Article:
The exhibition , by positioning the work of the two artists who share a wealth of similarities in each of their personal and professional biographies, attempts to re-contextualize the works, aiming to continue a fluid and open dialogue about works of art that have been presented to same audiences numerous times before. Whether simply a means of finding reason for their continued, repeat presentation, this format of exhibition forces us to examine the works not only from a new light but within the innumerable contexts in which the works would have been created, especially in the case of those artists whose work owes something to their own innate experiences and those which are deeply biographical.
The sculptors, both Paris born and relocated to New York , explore intimately similar subject matters that were almost exclusively shaped by an interest in sexuality and the body. Bourgeois, whose abstract forms are reminiscent of the form of human flesh, Lachaise’s more figurative, but still highly stylized representation of the female form accentuating the voluptuous figure; round breasts and hips with slender, almost sinuous limbs. “Contrary to Don Juan, and to what many feminists may feel, Lachaise did not exploit women but enjoyed them,” says Louise Bourgeois of Lachaise’s work.”To be a sex object is a flattering experience.”
The exhibition begins Wednesday 5th March.
10 Questions: Takahiro “Horitaka” Kitamura on “Perseverance: Japanese Tattoo Tradition in a Modern World”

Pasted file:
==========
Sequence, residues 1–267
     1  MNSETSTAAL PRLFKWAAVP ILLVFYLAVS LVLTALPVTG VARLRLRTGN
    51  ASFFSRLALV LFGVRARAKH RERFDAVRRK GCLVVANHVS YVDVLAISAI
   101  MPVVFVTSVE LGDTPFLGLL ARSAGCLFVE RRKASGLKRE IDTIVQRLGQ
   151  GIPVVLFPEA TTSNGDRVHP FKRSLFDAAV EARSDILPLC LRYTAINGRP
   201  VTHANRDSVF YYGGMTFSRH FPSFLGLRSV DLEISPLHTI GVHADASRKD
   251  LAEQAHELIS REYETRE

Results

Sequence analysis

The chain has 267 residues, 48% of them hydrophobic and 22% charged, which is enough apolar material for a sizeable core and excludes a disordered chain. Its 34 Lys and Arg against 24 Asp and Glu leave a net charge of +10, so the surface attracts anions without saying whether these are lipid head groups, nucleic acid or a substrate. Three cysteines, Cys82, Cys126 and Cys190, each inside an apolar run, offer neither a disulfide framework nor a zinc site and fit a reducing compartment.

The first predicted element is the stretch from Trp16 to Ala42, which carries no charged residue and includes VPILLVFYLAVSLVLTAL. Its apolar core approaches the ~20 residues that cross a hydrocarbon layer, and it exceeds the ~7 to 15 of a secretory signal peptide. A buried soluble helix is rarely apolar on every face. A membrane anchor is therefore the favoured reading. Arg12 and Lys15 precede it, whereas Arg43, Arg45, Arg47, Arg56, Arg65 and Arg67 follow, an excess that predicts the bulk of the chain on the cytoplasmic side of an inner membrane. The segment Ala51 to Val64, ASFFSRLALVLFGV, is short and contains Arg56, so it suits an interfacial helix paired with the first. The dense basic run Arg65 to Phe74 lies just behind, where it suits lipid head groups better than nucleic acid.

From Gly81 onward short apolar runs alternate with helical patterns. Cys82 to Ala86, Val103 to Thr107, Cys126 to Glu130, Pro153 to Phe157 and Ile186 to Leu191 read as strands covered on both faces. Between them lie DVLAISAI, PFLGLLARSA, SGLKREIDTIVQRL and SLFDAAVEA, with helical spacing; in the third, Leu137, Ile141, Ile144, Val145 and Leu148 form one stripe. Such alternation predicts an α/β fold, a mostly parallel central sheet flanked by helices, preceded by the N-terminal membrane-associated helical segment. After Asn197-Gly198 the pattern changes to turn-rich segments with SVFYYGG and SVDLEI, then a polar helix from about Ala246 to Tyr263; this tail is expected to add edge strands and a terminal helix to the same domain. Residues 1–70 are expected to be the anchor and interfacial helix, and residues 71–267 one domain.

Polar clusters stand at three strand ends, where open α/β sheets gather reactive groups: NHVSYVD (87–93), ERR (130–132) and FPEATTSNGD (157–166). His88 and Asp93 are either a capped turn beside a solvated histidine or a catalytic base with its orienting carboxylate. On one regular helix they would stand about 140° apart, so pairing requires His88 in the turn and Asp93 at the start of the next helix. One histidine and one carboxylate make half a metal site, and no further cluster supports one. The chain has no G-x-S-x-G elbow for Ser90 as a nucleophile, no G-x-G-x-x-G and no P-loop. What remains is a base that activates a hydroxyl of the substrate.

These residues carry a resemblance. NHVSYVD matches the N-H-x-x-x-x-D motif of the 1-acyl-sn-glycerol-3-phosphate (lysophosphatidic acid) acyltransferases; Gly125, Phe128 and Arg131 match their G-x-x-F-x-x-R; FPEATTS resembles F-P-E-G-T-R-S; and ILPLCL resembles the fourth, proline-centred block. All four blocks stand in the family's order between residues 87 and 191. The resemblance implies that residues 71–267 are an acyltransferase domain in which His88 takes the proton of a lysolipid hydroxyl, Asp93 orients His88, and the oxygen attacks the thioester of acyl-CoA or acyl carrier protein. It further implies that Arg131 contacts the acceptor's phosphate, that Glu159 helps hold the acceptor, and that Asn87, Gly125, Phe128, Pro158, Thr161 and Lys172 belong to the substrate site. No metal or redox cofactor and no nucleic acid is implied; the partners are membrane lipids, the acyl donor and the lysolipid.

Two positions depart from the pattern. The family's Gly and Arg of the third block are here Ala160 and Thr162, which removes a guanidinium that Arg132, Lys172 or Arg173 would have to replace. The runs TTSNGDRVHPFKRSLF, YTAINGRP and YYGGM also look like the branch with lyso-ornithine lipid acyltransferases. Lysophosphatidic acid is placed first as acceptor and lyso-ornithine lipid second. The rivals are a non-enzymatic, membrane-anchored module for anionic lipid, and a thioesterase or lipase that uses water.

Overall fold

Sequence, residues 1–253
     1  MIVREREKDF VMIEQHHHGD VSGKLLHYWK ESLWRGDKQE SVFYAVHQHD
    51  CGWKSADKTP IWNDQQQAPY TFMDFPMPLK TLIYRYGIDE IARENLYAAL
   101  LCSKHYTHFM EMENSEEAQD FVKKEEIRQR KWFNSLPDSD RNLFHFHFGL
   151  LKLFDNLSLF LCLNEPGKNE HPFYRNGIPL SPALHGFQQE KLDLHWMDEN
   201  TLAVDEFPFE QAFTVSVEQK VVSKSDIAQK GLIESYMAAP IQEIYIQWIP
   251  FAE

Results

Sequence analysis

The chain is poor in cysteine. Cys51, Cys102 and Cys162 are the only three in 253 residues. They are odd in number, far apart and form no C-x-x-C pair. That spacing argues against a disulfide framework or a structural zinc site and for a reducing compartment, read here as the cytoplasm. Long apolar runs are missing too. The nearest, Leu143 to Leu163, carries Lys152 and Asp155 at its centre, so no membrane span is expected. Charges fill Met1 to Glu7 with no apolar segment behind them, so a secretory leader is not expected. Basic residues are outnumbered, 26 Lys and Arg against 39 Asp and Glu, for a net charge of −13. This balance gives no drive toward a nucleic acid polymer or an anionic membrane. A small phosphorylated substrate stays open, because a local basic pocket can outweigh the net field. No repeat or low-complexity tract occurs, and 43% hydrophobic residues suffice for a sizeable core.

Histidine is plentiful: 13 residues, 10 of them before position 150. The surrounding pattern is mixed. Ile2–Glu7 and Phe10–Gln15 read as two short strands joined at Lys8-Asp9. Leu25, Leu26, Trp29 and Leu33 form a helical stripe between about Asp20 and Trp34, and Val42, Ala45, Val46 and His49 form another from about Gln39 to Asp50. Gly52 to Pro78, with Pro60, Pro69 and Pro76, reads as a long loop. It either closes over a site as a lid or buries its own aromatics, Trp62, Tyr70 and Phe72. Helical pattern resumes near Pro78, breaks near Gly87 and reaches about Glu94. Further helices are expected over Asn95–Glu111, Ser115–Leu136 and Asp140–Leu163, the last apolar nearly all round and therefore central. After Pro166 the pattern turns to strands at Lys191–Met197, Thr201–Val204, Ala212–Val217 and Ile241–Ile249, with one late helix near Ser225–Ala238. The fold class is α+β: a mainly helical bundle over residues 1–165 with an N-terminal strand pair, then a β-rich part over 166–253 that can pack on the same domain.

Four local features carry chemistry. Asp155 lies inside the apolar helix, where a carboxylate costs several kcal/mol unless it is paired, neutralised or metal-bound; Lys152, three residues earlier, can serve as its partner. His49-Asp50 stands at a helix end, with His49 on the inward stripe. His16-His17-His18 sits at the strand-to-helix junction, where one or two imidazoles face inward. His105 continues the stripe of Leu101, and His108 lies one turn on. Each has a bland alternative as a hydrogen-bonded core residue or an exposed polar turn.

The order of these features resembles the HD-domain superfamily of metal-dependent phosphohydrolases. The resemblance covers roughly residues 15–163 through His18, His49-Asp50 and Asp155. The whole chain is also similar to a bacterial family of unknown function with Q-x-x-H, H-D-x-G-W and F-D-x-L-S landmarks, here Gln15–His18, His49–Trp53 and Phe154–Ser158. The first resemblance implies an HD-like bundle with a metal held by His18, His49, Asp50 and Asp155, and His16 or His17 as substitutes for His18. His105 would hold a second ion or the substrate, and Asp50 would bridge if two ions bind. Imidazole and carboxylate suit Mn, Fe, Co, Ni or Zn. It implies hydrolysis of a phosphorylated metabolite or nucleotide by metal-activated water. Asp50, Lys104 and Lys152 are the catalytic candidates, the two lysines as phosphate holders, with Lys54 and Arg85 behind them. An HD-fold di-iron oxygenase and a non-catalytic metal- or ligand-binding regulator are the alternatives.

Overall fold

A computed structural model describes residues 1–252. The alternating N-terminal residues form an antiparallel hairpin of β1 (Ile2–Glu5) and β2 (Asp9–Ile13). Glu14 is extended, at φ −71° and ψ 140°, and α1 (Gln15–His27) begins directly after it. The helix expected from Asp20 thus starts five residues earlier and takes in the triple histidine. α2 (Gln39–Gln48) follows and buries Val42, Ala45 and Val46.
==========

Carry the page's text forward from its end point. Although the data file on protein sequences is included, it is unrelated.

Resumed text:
Tattooing by Yokohama Horiken
For most within the tattoo world, Takahiro “Horitaka” Kitamura needs no introduction. Aside from being a renowned tattooer, Kitamura boasts an impressive resume as owner of State of Grace tattoo shop in San Jose, co-organizer of the Bay Area Convention of Tattoo Arts, and author of a number of widely-published books including Bushido: Legacies of the Japanese Tattoo (2001), Tattoos of the Floating World: Ukiyo-e Motifs in the Japanese Tattoo (2003), and Tattooing from Japan to the West: Horitaka Interviews Contemporary Artists (2005). We recently caught up with Kitamura to discuss his most recent endeavor – curator of the Japanese American National Museum’s upcoming exhibition Perseverance: Japanese Tattoo Tradition in a Modern World. Composed primarily of photographs by Kip Fulbeck, Perserverance showcases tattooing by a number of international artists and will surely be a landmark event within the history of tattooing. Just days away from the March 8 opening, Kitamura discusses with us, among other things, how the exhibition came to be, the artists involved, and the various issues that arise when organizing a show of this magnitude.
The exhibition takes place at the Japanese American National Museum – the largest museum of its kind in the United States. How did the exhibition come to fruition and why is the Japanese American National Museum such an appropriate venue?